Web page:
We have found a cheap house with lots of potential and the plan is to renovate then sell in a few months. We are currently renting and do not own a house. Should we buy it as an investment and use it for our PPOR to avoid CGT or should we buy it, stay renting like we are then sell it. Technically anything you buy and sell is an investment but circumstances change and we could have had intentions of moving in but decided not to. Would we be panalised for that? Does this make any sense? Also the negative gearing advantages of an IP would be benefitial if we did it as an investment. We could make a good profit with the buy/sell margin on it's own without the tax benefits.
Your help would be appreciated as I know nothing about all this.aaabbbcccParticipant@aaabbbcccJoin Date: 2009Post Count: 71
I don't know a whole lot either, but I assume if you plan to "sell it in a few months" then you will want to pay as little capital gains tax as possible, thus you might be tempted to call it your PPOR and be exempt from capital gains tax.
.gibbo1Participant@gibbo1Join Date: 2008Post Count: 152
There are many different factors to consider, yes the financial side is one.
The time of the reno, what is required to be done, still working during this, current rental market, etc.
If you are living in the property and its a fairly major reno you could be having to put up with not having a functioning bathroom or kitchen for awhile, paint fumes, dust, can be cold during winter if replacing ceilings etc.
If you are both working during the reno, living in the house may make it more convieniant to do a little bit each day after work to save having to drive km's to your other place.
When you sell how easy is it for you to find another place to rent that is affordable.
Some of these decisions will be effected how long the whole process is.L.A AussieMember@l.a-aussieJoin Date: 2006Post Count: 1,488
Renovating and then selling "within a few months" has a few drawbacks:
1. At the moment, unless you can buy a FHOB category house for well under market value (good luck with that) you may be in danger of buying, renovating and owning a property that has not gone up in value as much as the cost of the renos. The markets are very flat in many areas right now – other than FHOB property, but you won't buy something really cheap with such a feeding frenzy going on I'd say.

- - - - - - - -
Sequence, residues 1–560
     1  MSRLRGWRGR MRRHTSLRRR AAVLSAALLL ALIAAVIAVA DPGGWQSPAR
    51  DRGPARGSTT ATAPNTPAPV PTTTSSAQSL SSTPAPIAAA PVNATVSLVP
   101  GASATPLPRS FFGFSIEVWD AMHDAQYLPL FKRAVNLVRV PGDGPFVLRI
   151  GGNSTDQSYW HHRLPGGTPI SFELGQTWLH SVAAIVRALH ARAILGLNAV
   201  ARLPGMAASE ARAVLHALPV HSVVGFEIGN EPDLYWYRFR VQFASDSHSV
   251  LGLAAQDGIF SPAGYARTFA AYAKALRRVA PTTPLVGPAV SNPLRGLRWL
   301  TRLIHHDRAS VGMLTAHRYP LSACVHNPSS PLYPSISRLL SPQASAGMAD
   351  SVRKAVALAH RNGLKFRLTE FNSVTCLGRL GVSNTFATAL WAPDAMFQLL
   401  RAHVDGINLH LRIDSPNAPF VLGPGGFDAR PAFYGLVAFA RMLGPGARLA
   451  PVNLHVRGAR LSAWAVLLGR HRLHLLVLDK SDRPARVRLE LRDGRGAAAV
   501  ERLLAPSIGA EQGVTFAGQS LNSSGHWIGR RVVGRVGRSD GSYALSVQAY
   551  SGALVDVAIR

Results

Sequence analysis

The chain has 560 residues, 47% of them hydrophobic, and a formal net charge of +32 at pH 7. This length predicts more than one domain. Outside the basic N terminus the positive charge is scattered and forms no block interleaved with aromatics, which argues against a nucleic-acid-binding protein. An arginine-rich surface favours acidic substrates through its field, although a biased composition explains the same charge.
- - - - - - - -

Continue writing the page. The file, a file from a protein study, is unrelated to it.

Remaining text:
There is a real danger of not getting back the cost of the renos from your sale price. Renos always take longer and cost more than you think they will. Trust me.
2. If you sell the renoed property within 12 months, you will be taxed on 100% of the cap gain, at your marginal tax rate. If you sell after 12 months, you will be taxed on 50% of the cap gain, at your marginal tax rate.
Don't know about stating the property is a PPoR and then selling it while living elsewhere to avoid CGT. This is an invitation to jail in my opinion. Not worth it.
Thanks for your advice. So if we live in it for a few months then sell it, we won’t have to pay CGT. I think the rule is 3 months minimum. That may be the way to go IF the property is actually a bargain and the project worth doing. We are having a look at it tonight.RedRoofMember@redroofJoin Date: 2009Post Count: 5
If you live in the property for 3 months, you wont avoid CGT. You have to live in it for the full time that you own it. GCT is pro-rated between the time you live in it and the time you don't. You can find out the detail of tax ramifications for free at:
Having said that, there are few markets at the moment where it is worth renovating for profit, so be cautious and realistic about the end gain. But if you do proceed, you are best to buy the property as your PPOR and live it in until you sell, so as to avoid higher stamp duty as well. Hope this helps.
Principal, RedRoof – Licensed Buyers Agents, Brisbane
http://www.redroof.com.auCoogee126Participant@coogee126Join Date: 2009Post Count: 51
hi, you will have to hold that IP for more than 12 m to get discounted CGT ( 50%) if claim the house as investment property, however, you might lose the FHG eglibility if you have not claimed FHG before.
if you claim this house as your PROR, you can sell that place exempt of CGT, but you need to live in that house for a reasonalbe of time.
for FHG, you will need to move in within the 12 months of the contract date, and live in that house for a continuous 6 months to get the FHG. you can sell that place exempt of CGT if claimed as PROR.Richard TaylorParticipant@qlds007Join Date: 2003Post Count: 12,024
Not quiet correct
You will have to hold that IP for more than 12 m to get discounted CGT ( 50%) if claim the house as investment property,
The date is actually based on the original contract date so you can actually live in the property for a month if the Contract date was dated 11 months and 1 day prior. CGT is based on Contract dates and not settlement dates.
Richard Taylor | Australia's leading private lender
Thanks for your advice. We looked at it and it is not worth buying. It just needs too much work and money. When you look at similar houses we would never get our money back. Thanks again for your advice, good to know how it works if another comes up in the future.